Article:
The Alice Mitchell murder trial gripped the city of Perth and the nation. This book retraces this infamous 'baby farm' tragedy, which led to legislative changes to protect children's welfare.
In 1907, Perth woman Alice Mitchell was arrested for the murder of five-month-old Ethel Booth. During the inquest and subsequent trial, the state was horrified to learn that at least 37 infants had died in Mitchell's care in the previous six years. It became clear that she had been running a 'baby farm', making a profit out of caring for the children of single mothers and other 'unfortunate women'.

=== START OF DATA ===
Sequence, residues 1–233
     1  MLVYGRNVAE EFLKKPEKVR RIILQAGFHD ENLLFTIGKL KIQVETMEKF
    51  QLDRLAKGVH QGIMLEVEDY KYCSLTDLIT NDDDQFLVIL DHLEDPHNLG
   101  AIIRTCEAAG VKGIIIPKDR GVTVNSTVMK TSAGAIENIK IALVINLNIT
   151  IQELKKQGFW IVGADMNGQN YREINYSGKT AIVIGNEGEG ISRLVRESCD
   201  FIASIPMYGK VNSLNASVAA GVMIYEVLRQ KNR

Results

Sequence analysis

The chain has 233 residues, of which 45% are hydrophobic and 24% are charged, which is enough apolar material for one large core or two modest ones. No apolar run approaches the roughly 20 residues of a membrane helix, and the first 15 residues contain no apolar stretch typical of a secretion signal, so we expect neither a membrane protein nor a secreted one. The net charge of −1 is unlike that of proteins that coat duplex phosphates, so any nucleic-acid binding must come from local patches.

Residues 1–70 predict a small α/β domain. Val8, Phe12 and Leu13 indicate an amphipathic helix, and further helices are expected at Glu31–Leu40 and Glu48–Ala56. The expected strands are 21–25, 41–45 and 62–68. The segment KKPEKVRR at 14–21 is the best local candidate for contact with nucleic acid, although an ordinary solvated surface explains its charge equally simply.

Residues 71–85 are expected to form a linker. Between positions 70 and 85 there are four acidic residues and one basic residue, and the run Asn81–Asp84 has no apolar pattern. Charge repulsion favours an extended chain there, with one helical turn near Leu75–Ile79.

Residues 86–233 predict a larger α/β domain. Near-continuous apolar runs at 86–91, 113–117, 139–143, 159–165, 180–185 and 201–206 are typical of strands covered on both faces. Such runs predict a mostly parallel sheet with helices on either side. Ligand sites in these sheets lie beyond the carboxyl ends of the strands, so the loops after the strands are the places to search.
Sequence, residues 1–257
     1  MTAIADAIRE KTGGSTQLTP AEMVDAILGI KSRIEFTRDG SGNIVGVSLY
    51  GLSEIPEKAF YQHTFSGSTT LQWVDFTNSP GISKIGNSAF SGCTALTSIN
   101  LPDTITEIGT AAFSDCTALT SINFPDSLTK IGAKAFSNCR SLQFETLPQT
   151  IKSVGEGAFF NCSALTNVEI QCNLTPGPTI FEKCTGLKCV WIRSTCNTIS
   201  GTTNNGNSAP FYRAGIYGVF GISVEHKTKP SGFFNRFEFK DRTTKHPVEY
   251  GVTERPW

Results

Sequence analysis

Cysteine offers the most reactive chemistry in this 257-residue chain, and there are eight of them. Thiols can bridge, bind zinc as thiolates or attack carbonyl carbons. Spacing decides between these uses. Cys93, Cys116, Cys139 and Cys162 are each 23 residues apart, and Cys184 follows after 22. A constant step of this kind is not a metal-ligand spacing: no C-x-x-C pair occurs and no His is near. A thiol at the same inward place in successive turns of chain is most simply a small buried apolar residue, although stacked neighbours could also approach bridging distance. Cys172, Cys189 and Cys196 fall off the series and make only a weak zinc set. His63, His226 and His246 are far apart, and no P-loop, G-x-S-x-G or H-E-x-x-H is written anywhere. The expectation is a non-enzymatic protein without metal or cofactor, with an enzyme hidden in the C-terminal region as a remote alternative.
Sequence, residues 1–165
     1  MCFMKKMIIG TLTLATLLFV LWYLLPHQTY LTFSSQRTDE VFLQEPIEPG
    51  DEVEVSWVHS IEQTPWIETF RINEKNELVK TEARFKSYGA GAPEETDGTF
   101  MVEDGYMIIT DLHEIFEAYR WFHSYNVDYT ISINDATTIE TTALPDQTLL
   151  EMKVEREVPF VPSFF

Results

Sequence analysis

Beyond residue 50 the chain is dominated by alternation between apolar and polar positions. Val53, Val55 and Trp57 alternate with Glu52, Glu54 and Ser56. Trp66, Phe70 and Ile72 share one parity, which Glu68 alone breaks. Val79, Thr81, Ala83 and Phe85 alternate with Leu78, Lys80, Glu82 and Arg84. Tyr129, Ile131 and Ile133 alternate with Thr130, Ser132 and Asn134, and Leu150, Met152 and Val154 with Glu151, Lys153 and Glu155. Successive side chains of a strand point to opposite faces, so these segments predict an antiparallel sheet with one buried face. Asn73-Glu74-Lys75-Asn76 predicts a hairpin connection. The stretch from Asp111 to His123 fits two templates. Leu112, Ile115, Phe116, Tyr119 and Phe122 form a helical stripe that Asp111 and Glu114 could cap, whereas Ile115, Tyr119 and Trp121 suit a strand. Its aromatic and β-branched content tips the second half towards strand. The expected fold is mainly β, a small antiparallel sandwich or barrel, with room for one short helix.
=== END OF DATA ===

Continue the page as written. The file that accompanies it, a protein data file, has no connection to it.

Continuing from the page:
The case raised questions about how so many infants could die, in apparently squalid conditions, implicating Perth's first female health inspector, Harriet Lenihan, who visited regularly and Dr Edward Officer, a children's specialist, who had signed most of the death certificates.